Note that I don't consider any particular speed of broadband to be "infrastructure". But a certain minimum capability (256K is about as low as I've seen, so that should work as a working minimum) is the responsibility of the government to provide, whether they do so by laying lines and building hardware themselves (the dumb way), or requiring the people already in business doing that to do it. For everyone, not just those who choose to live in the Burbs.

Re:Legislation is not free (1)

cizoozic (1196001) | more than 5 years ago | (#25218343)

That said, there are areas which have NO BROADBAND. My parents' house, as an example. It's about six miles outside town, and won't get broadband within the lifetime of the universe, if only market forces apply. Hence an equivalent to the Rural Electrification Act.

That's my point. If your parents were willing to pay enough, they could get broadband. They don't think it's worth paying, so why should we pay for them?

Maybe they want it but can't afford it? Well, sucks to be them. Wanting something really bad doesn't give them the right to force other people to buy it for them. I want a Rolls Royce, a beach front mansion and a trophy wife, that doesn't mean the government should buy them for me.

That's my point. If your parents were willing to pay enough, they could get electricity. They don't think it's worth paying, so why should we pay for them?

Maybe they want it but can't afford it? Well, sucks to be them. Wanting something really bad doesn't give them the right to force other people to buy it for them. I want a Rolls Royce, a beach front mansion and a trophy wife, that doesn't mean the government should buy them for me.

That might be why they mentioned the Rural Electrification Act. If we care about advancing our society, usable (for modern applications) speeds of internet access should be as widely available as possible. Really we're paying for the infrastructure so we have the privilege of getting charged out the rectum for the service by our corporate overlords. It's not perfect, but it's something.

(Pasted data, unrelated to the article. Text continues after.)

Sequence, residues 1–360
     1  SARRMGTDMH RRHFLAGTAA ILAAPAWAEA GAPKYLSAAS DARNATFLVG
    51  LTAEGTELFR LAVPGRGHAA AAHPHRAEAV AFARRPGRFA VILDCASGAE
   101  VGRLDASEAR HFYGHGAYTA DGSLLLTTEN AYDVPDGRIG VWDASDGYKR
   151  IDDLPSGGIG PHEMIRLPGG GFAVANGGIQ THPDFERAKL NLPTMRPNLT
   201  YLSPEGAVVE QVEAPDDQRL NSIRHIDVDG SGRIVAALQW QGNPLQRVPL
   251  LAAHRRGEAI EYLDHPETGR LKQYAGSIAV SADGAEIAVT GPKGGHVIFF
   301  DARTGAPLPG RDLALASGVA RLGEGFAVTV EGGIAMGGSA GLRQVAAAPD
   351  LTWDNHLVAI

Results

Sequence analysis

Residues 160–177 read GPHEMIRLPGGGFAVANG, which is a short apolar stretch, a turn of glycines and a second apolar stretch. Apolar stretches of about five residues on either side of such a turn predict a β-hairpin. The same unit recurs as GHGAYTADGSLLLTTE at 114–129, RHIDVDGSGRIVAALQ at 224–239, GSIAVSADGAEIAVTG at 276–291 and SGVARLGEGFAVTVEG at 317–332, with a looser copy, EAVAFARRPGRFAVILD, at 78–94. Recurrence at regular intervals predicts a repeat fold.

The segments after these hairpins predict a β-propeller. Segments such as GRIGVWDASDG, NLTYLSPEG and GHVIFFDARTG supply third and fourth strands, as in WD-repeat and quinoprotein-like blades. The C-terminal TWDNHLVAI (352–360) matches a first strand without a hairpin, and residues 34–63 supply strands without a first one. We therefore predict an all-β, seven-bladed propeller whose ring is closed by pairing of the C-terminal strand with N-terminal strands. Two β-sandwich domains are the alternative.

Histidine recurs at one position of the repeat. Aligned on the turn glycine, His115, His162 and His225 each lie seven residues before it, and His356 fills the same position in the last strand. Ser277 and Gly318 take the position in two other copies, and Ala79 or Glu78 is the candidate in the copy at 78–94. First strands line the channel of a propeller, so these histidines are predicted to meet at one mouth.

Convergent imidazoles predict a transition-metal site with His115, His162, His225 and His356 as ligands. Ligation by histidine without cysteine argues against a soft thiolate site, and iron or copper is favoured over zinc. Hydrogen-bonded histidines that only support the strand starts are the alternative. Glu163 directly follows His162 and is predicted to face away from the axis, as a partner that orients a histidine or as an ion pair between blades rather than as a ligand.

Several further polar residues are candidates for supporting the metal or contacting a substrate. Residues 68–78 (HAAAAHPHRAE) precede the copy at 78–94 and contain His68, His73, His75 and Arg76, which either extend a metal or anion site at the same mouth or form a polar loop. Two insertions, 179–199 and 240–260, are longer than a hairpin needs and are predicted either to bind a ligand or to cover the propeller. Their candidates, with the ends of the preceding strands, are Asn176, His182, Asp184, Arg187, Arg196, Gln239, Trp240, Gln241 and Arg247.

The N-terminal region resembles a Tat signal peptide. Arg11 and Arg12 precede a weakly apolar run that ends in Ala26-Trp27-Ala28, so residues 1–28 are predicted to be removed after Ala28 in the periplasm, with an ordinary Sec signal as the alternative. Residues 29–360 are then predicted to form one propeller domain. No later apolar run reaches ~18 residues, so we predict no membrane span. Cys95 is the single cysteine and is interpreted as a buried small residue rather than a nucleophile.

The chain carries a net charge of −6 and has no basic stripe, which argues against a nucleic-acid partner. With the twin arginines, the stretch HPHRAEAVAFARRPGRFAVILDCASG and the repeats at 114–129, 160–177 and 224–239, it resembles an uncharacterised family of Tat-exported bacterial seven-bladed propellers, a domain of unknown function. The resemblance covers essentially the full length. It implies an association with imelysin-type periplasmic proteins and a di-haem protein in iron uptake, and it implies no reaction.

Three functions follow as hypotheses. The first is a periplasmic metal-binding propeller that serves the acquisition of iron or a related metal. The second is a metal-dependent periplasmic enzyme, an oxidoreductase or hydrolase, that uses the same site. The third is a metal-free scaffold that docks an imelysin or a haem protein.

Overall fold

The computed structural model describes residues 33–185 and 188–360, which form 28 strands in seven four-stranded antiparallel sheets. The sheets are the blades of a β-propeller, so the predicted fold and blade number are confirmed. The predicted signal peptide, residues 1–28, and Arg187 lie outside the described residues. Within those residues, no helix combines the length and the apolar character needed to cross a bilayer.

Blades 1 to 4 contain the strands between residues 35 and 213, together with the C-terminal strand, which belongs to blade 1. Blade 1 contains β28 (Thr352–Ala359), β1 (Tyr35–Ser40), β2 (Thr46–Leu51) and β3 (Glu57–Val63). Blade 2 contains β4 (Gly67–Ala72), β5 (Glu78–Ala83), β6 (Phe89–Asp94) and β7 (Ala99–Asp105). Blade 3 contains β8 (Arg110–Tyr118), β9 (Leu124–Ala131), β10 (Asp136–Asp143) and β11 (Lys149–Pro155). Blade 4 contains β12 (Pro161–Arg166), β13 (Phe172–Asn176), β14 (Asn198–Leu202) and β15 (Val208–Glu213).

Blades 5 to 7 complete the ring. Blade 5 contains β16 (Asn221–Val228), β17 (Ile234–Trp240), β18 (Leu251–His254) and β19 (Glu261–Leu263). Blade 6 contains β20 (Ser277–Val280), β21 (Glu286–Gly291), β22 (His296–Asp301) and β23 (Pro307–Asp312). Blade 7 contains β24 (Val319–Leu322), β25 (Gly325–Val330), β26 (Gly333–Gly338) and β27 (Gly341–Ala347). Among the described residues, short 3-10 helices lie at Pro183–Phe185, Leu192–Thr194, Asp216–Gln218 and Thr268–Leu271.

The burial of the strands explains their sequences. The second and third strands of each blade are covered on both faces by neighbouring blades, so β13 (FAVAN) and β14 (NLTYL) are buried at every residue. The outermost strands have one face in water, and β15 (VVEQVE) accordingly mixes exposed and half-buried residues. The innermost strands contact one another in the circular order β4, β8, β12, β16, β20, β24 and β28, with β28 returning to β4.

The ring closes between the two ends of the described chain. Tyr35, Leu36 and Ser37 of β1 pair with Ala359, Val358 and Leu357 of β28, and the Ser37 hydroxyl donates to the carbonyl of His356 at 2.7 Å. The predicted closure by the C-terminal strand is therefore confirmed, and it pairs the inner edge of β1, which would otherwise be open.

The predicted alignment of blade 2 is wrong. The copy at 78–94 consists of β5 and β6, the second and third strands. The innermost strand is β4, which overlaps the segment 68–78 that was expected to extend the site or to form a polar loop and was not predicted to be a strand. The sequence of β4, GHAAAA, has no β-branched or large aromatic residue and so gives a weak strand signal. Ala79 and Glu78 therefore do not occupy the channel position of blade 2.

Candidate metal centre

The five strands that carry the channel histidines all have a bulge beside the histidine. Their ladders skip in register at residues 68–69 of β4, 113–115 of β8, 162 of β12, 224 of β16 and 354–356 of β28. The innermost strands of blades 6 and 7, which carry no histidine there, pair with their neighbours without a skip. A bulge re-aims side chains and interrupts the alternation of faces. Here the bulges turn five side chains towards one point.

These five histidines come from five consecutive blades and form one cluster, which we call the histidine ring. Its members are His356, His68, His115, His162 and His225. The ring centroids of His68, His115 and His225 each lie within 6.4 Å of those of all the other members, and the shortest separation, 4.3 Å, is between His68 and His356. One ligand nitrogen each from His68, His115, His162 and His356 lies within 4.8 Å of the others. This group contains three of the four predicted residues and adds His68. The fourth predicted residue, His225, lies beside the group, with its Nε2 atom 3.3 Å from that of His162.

Re:Legislation is not free (1, Insightful)

electrictroy (912290) | more than 5 years ago | (#25216569)

>>>My parents' house, as an example. It's about six miles outside town, and won't get broadband within the lifetime of the universe, if only market forces apply.
>>>

Nonsense. My house was situated similar to your parents' house, but last year Verizon started selling DSL over the existing phone lines. No upgrades required; I'm still using the same lines I've always used. Verizon did this, not because they had to do it, but because they wanted to do it. They saw an opportunity to make money. The free market worked.

BTW that electrification act is the greatest mistake.

It encourages suburban sprawl via government subsidies. It should be repealed and the tax removed from everybody's phone bill. If you want to live 50, 60, 70 miles away from the city, then YOU pay the costs of running the electrical wires out to your house. Or setup your own private electrical company. (Or better yet, live closer to town and discourage the environmental destruction caused by wasteful suburban development.)

Re:Legislation is not free (1)

j_166 (1178463) | more than 5 years ago | (#25217639)

Thank god the rest of the country already failed Libertarianism, or the country would be a big stretch of nothingness outside of a few major cities.

Re:Legislation is not free (1)

CrimsonAvenger (580665) | more than 5 years ago | (#25218081)

Nonsense. My house was situated similar to your parents' house, but last year Verizon started selling DSL over the existing phone lines

Alas, that's not quite the case here. My brother works for Ma Bell. He has gone to the trouble of checking, and there are no plans to EVER put DSL out to my mother's house. Or, for that matter, his own house, which is also in the country.

Adding DSL capability requires an investment. It's a profitable investment if enough customers can be served by a single upgrade. If only eight other families live within a mile of you, it doesn't work out too well.

Fact is, there are parts of the country that will NOT get broadband (except satellite, which is a poor substitute, at best) this century without government intervention. Rural Alaska comes to mind as a place where it's just not going to happen. Or New Mexico - when I drove through there earlier this year, I took the scenic route, and saw houses whose nearest neighbor was better than 50 miles away. Do you really think the telcos/ISPs are going to put together the hardware to provide ONE HOUSE DSL?

Re:Legislation is not free (1)

mordred99 (895063) | more than 5 years ago | (#25218211)